Suicide Prevention: When Someone Reaches Out…. Take Action

This past week-end I read two posts, from a Facebook friend and veteran, that told me he was in a dark place. I reached out, and here is what transpired.

My friend, Jack, posts  truthful stories on FB, that upset them, so he gets put in ” FB Jail”, a lot. In the past when he was not able to open FB I would send links to his phone. I temporarily forgot that I had his number. Thankfully I remembered, while trying to figure out how to reach him.

Here are the two posts that I read:
“The loneliest moment in someone’s life is when they are watching their whole world fall apart, and all they can do is stare blankly……………numb.”

“When the very medicines that were supposed to help you with depression eat away all of your emotions, but sadness, life becomes very dark. Can’t do this to the people I love the most anymore.”

When I read the first one I just thought he was referring to the current state America is in at the moment. He is a patriot through and through. When I read the second I became very alarmed.

I sent him a message on FB asking if he was ok. No response. Then I reached out to a group I knew he belonged to and to three mutual friends we shared. No response there either.

I live in WA state and he lives in ID. I thought, “I need to do something, but what”. I ended up calling the police in his hometown and requested a wellness check. I finally found his phone number and read the posts that concerned me. The policeman agreed that the messages sounded troubling, and that I had done the right thing by calling them. They were kind enough to call me back later to tell me that he was in good hands and that things were under control.

I want to share three comments that followed  that puts some light on what our vets face:
From a friend Daryl: “There is some luck in this good outcome. As my friend M. T. would tell you. We have some local dept’s like, Mesa AZ, that just might come out and kill him for his own protection. Police are poor social workers, and getting worse all the time, so calling them brings risks that are never to be overlooked.”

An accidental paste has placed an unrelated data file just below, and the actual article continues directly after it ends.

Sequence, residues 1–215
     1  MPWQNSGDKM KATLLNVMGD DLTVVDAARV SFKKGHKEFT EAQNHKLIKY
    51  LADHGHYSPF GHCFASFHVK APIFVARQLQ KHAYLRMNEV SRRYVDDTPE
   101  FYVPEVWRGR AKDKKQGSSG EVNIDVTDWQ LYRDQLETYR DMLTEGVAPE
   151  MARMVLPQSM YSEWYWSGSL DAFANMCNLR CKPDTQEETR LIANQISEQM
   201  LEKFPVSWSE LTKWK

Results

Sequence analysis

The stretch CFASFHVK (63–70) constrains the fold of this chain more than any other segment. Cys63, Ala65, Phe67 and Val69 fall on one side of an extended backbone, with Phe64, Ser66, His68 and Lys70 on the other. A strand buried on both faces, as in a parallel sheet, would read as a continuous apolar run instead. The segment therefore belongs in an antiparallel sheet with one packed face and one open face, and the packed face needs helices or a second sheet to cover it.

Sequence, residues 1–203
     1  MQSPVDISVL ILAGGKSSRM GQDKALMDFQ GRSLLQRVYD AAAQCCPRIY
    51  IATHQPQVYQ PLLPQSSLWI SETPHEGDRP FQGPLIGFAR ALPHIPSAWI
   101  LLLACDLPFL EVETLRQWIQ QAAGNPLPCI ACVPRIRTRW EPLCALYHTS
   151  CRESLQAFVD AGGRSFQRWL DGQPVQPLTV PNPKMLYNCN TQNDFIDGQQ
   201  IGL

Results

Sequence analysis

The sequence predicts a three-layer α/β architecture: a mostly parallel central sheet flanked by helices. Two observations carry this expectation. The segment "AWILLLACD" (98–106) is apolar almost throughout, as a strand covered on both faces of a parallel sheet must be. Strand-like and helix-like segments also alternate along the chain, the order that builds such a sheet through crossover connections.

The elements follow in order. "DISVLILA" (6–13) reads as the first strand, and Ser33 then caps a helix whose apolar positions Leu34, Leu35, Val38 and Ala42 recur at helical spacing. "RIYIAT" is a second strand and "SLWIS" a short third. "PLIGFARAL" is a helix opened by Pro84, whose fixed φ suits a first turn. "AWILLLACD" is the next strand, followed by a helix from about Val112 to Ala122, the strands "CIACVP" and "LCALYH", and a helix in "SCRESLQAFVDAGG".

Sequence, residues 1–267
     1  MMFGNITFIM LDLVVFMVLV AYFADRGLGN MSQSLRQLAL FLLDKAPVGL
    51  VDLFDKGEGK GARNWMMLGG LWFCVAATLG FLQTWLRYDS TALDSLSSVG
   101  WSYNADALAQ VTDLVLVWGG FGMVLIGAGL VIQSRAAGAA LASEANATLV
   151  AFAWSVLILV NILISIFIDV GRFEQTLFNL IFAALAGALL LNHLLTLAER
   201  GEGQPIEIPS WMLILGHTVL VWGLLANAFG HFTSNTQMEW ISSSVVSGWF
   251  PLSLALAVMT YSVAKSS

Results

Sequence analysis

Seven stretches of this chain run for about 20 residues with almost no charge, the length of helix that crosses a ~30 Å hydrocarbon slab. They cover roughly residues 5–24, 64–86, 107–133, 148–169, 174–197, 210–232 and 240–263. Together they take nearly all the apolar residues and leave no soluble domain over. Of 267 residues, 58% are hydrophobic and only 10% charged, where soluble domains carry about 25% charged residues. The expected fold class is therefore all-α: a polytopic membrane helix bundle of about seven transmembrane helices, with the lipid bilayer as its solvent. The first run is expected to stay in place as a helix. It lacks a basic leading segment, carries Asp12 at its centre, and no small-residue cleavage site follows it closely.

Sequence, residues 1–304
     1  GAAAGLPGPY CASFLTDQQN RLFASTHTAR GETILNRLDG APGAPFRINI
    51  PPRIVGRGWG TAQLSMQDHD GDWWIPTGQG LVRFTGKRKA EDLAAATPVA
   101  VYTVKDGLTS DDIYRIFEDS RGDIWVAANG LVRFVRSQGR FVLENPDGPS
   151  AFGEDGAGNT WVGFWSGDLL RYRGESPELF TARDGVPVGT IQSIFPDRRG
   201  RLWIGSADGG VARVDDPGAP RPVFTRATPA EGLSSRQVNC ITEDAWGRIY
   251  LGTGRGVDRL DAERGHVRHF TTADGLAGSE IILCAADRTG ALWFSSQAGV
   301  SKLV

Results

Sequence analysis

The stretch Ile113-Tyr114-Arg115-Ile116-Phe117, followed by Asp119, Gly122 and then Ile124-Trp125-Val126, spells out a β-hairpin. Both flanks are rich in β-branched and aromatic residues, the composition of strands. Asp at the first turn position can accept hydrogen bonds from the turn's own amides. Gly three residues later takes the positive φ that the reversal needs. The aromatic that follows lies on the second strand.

A response to the above comment by Jack: ” Daryl, I am the one she called on. What you say is 100%  truth. I am blessed to live in Idaho, where the cops truly care and are Patriots. Other places are not good for veterans. Remember what we were labeled by our government, “As dangerous as a domestic terrorist”? That statement is a green light to take whatever action “necessary”. Liberal city’s don’t want us there (like Broward), because  when the shit hits the fan they know we are the biggest threat to them”.

Here was my response to the above posts on FB: “I had no other resource but to call. Even if I got in my car and drove to ID I had no address or resource to find him. I could not ignore the fear and panic I felt, and am happy the police in ID took me seriously, and found this precious man who is a patriot through and through. He served out country, may have some detrimental effect from what he saw and went through while serving, and needs America to help him pick up the pieces. That is not too much to ask, in my opinion. My only purpose was to make sure Jack was not carrying his burden alone, and that his family was in the loop in real-time. Sometimes we try to shield our loved ones from knowing the depth of pain we are experiencing during a dark time. We really do not want them to feel it too. So we try to carry the burden alone, which makes the depression, or whatever, heavier. I am bipolar and am familiar with the possible cycles that can occur. A glimmer of light can always appear when others are made aware of a person in need of some extra love and understanding, and are allowed to temporally help carry the burden, in an unconditional and loving way. Deep depression can feel like you are trapped in a box, with no way out. Friends and loved ones, when allowed, can help create an exit door, where there is light and hope.

Jack shared with me that one day, while in the military, his unit was lined up and given immunizations. The next day seven, including him, ended up in the hospital, extremely sick. He has suffered anxiety, insomnia and depression as a result of that, in his opinion.

He is surrounded by a loving and supportive family, who is in “The Loop”. They have a strong spiritual belief system in place. He is not alone and hopefully will find relief and peace.

 

 

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About Martha (Marty) Dickson Patterson

Marty: Retired from sales and management near Seattle, Washington.
This entry was posted in Bipolar, Cause & Effect, Drugs, Emotional Health, Family, Fear, Mental Health, Mental Illness, Milatary, Panic Attacks, Police, Problem Solving, Social Media, Society, Suicide and tagged , , , , , , , , , , , , , , , , , , , , , . Bookmark the permalink.

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